(HealthDay)—There is a bidirectional relationship between type 2 diabetes and depression, with a stronger correlation for depression predicting diabetes onset, according to research published online Nov. 12 in Diabetes Care.
Pei-Chun Chen, Ph.D., of the National Taiwan University College of Public Health in Taipei, and colleagues conducted two cohort studies using the same database source to address the strength of the correlation for a bidirectional relationship between depression and type 2 diabetes. To analyze diabetes predicting depression onset, 16,957 patients with type 2 diabetes and an equal number of age- and sex-matched individuals without diabetes were assessed. To analyze depression predicting diabetes onset, 5,847 patients with depression and an equal number of control subjects without depression were evaluated. Participants were followed from 2000 to 2006.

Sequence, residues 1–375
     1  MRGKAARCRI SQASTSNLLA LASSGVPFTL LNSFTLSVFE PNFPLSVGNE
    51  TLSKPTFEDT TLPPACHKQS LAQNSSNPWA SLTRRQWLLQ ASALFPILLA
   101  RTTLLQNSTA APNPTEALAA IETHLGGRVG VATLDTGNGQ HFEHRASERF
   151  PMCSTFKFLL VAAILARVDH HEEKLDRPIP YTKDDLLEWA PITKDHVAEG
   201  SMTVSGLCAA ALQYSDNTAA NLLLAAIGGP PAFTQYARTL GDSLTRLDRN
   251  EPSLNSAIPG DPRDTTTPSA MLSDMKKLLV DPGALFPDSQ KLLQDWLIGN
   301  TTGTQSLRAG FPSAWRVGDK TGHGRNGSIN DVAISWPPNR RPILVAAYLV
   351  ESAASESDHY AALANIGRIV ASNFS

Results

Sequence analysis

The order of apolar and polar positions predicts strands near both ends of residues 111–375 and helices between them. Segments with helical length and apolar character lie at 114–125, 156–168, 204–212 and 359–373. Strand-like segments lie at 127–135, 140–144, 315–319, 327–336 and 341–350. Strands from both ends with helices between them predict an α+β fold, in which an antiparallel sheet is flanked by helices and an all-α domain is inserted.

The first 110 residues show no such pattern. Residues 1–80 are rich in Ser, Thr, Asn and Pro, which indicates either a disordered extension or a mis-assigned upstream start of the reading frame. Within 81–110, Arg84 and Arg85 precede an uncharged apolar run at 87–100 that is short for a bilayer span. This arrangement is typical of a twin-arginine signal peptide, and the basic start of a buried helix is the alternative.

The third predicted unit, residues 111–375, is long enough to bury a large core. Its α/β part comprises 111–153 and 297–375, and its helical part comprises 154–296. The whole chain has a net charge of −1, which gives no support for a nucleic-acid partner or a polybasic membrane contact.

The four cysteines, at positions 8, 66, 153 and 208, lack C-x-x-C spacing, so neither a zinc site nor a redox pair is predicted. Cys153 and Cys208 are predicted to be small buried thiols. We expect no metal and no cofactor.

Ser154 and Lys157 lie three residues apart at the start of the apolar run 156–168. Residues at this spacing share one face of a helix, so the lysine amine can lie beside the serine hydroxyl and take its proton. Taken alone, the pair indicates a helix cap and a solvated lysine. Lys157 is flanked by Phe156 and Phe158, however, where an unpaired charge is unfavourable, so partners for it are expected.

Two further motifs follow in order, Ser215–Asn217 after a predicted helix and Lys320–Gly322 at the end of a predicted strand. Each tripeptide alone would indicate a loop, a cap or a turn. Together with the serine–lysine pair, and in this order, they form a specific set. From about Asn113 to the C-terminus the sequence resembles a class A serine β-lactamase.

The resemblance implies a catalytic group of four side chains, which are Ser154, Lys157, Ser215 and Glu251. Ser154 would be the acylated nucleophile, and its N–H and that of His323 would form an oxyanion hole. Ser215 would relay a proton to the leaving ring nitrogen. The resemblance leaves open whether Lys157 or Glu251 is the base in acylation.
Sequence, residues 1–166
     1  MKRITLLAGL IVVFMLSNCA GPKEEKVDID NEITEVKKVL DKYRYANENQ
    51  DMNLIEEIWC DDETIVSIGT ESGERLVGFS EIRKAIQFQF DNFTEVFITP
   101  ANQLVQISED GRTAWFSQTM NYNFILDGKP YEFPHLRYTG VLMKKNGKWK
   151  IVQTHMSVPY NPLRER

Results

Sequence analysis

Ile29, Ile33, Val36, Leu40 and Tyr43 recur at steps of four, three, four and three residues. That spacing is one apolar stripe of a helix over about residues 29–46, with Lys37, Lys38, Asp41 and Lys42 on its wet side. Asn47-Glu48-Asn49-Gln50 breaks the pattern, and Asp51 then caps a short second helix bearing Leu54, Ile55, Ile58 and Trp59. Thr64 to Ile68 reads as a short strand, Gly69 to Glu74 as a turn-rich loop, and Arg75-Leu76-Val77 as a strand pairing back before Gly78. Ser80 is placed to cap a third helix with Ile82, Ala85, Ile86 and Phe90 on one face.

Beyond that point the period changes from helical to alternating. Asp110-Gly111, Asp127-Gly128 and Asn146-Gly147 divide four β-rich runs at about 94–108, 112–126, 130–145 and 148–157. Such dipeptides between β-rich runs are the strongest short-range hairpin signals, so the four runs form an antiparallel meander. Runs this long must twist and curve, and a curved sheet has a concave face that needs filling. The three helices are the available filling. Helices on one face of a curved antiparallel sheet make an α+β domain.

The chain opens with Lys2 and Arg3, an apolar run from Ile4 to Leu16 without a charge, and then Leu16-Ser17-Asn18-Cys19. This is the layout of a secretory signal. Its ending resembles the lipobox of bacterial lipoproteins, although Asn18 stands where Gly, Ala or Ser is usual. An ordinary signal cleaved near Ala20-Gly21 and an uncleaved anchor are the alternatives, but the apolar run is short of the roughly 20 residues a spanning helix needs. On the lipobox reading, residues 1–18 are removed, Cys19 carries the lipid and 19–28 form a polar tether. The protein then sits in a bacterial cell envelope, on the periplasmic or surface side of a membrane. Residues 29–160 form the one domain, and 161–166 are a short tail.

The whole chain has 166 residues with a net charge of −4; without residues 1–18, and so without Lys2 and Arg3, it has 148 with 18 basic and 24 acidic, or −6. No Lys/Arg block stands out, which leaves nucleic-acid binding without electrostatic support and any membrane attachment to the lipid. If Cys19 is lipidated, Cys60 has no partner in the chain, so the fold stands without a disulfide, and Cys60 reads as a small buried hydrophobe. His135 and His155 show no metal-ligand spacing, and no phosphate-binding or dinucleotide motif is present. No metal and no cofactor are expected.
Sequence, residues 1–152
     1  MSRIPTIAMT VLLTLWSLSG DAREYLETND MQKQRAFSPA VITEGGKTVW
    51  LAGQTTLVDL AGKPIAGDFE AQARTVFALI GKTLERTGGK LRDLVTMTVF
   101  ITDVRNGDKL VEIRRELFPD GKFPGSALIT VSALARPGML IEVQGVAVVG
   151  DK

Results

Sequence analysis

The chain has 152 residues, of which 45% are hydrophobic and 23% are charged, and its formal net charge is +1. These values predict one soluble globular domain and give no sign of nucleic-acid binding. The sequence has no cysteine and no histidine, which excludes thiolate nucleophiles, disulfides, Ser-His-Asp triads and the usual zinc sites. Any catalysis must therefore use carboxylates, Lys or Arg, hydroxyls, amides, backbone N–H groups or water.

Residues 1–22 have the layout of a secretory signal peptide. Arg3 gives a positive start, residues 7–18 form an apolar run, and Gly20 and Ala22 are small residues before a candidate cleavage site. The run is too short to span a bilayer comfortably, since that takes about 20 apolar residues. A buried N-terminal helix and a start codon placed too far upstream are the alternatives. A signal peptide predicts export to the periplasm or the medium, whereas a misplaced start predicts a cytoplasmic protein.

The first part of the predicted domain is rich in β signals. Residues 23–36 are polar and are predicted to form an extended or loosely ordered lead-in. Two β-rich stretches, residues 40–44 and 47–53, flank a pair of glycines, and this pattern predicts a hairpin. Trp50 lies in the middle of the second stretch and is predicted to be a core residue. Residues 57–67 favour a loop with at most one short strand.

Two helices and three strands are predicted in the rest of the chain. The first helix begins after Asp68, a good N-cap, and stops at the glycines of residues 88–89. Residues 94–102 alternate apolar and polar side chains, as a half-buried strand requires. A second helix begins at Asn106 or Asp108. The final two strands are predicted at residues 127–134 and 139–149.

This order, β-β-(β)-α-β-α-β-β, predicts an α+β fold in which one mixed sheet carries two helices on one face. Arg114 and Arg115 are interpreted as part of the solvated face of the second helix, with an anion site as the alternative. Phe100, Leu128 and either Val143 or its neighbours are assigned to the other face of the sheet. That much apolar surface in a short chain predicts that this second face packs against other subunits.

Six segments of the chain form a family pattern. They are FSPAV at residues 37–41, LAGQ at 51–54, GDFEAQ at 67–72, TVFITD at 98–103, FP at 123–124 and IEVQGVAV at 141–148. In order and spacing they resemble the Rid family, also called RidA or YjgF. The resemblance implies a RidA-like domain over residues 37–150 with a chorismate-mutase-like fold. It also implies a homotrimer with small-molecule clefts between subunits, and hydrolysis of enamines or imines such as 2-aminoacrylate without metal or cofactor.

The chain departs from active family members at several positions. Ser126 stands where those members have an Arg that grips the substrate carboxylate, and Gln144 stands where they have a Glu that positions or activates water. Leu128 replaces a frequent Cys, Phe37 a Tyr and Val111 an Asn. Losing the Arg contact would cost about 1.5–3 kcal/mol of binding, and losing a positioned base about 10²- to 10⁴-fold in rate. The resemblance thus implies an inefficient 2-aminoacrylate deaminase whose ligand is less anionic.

In the first cohort analysis, the researchers found that the incidence density for depression was 7.03 per 1,000 person-years for those with diabetes and 5.04 per 1,000 person-years for those without diabetes, representing an adjusted hazard ratio of 1.43. In the second cohort, the incidence density for diabetes was 27.59 and 9.22 per 1,000 person-years in those with and without depression, respectively. The adjusted hazard ratio for incident diabetes was 2.02 in association with baseline depression.
"The two cohort studies provided evidence for the bidirectional relationship between diabetes and depression, with a stronger association noted for the depression predicting onset of diabetes," the authors write.
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